2 or 3 Things I Know About Her (1967)

Confusing, unapologetic, and viscously philosophical—"2 or 3 Things I Know About Her" is one such movie that is drastically impossible to place into a genre or category. It feels like an existential drama that meets half-way with a fake documentary...for most of the first part of the movie, I was asking myself, "What is going on?"
Jean-Luc Godard's directing, more than any other of his films, could be described as frazzled and uncaring. Loving a story about people who seem platonically lost in their lives, Godard finds his strength in the outward projection of the characters's inner struggles.
"2 or 3 Things I Know About Her" concerns Juliette and the actress that plays her, Marina Vlady. In whispered, voiced-over narration (not to be confused with Malick's loving, poetic statements), provided by Godard himself, we are told a great many things that don't make sense at first. 
The film touches so many topics that it becomes a hassle just trying to keep track of each one—though some narration and visual contradictions lead me to think that there's a deeper meaning to the film.
I find that with the truly great, human directors (the ones whose works are meant to do more than entertain), I feel that I'm missing something when I watch one of their movies. Kubrick does it to me every time and so does Malick. Sam Mendes' "American Beauty" is a prime example of this, as is anything by Hitchcock. 
Godard includes himself on this list with this movie, because I kept feeling that I was one step behind everything. It's hard to enjoy a film while it makes you feel stupid.
I don't know...maybe that was the point of the film.
Juliette's life as a prostitute and mother brings about many casual conversations about sex—one of Godard's favorite things. 
Scenes where nothing really happens are juxtaposed next to comments on the Vietnam war. Smoke from a cigarette is matched with the sound of bombing as the smoke descends onto equipment that is obviously symbolic of a city. Juliette's husband listens to Johnson talking about bombing Hanoi, while she reads a fashion magazine....what is Godard trying to accomplish with these scenes?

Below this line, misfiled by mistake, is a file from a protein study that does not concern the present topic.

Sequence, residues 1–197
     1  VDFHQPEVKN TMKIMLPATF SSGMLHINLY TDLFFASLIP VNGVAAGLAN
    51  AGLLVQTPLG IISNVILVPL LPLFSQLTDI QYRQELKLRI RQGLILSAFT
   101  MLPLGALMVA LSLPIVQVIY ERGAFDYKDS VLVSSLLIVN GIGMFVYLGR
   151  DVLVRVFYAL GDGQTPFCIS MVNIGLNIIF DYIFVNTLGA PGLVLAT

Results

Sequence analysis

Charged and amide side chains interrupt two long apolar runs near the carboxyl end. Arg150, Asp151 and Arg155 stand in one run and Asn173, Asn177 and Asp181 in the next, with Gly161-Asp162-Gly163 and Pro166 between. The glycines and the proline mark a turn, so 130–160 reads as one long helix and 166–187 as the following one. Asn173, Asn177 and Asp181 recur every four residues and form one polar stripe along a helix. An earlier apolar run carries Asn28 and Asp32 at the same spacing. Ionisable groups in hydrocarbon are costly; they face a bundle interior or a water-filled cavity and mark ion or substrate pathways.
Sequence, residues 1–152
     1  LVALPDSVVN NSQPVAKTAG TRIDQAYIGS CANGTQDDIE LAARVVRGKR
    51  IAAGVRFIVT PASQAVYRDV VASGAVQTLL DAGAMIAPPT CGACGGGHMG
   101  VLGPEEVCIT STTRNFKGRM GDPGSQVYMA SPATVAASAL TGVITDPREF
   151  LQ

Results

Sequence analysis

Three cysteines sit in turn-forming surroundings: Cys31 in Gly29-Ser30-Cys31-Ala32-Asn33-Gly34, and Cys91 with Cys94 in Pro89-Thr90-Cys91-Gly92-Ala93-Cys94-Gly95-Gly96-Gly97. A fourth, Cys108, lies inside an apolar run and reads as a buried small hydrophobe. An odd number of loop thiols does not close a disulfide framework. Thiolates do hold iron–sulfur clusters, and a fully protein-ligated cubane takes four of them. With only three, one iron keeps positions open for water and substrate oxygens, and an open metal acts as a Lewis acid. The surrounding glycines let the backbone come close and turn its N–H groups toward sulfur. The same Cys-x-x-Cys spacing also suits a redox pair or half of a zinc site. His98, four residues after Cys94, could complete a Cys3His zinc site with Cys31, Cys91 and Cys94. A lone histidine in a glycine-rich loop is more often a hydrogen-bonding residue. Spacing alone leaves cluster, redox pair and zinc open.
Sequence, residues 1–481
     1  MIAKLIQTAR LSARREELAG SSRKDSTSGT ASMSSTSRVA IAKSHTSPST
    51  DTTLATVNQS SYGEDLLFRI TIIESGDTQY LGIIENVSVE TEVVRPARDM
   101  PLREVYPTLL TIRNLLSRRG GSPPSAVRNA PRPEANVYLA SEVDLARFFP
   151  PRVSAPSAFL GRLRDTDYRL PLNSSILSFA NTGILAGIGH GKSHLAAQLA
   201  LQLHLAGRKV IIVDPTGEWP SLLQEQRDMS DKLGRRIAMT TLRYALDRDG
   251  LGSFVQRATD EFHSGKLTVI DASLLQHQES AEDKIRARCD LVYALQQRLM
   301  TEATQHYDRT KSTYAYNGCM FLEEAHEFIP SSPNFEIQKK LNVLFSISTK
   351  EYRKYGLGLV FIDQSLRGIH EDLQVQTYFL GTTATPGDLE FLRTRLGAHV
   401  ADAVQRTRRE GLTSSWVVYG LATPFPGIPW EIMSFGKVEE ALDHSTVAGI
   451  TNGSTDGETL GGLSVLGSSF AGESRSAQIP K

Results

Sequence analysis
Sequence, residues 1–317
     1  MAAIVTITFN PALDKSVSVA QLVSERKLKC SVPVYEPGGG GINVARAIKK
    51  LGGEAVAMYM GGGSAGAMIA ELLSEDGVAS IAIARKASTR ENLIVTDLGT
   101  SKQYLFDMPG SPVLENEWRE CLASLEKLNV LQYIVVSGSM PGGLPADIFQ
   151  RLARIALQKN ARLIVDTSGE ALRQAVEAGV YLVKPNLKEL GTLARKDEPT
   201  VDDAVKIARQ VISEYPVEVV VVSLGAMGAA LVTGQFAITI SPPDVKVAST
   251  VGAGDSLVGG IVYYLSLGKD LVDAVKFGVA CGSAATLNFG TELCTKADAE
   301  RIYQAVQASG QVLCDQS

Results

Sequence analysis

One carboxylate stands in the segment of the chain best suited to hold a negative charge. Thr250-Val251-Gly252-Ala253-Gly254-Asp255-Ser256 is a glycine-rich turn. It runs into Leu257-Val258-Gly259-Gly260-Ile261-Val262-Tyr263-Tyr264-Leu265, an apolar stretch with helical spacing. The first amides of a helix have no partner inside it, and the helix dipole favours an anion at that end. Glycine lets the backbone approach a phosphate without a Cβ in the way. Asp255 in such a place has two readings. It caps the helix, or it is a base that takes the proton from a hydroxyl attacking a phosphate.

I think that (since the film is sort of documentarian-like), it's representative of an average person's reaction to the war. Society keeps building while other countries are in turmoil. Juliette asks herself how someone in Europe can think of someone in Asia.
Reality gets blurred as the film continues...the biggest theme is how words are inaccurate. Language (which is once referred to as "the house a man lives in") is picked apart and destroyed.
Acting like a fly on the wall, the camera becomes Godard and then Godard becomes the audience...just watch the movie, it makes more sense.
There is no real fourth wall for all the characters and actors to break...which they do constantly.
Is the film feminist? Anti-feminist? Political? All of these things at the same time?
Who knows? 
I think that everyone could have a unique reaction to the film and are free to form their own hypothesis.
I'm sure that I have opinions on the film as much as the next person, but I can't seem to put them into words...darn my muddled brain!
Attractively shot with an air of doom, "2 or 3 Things I Know About Her" is one of Godard's most intimate and bizarre works. Parts of it seem like an instruction manual and others appear to be complete fiction.
In its own way, the film is fascinating...but that doesn't make it hugely enjoyable.
Intelligent and fractured, "2 or 3 Things I Know About Her" is not perfect; but I appreciate the effort.

Score: 3 out of 4 stars

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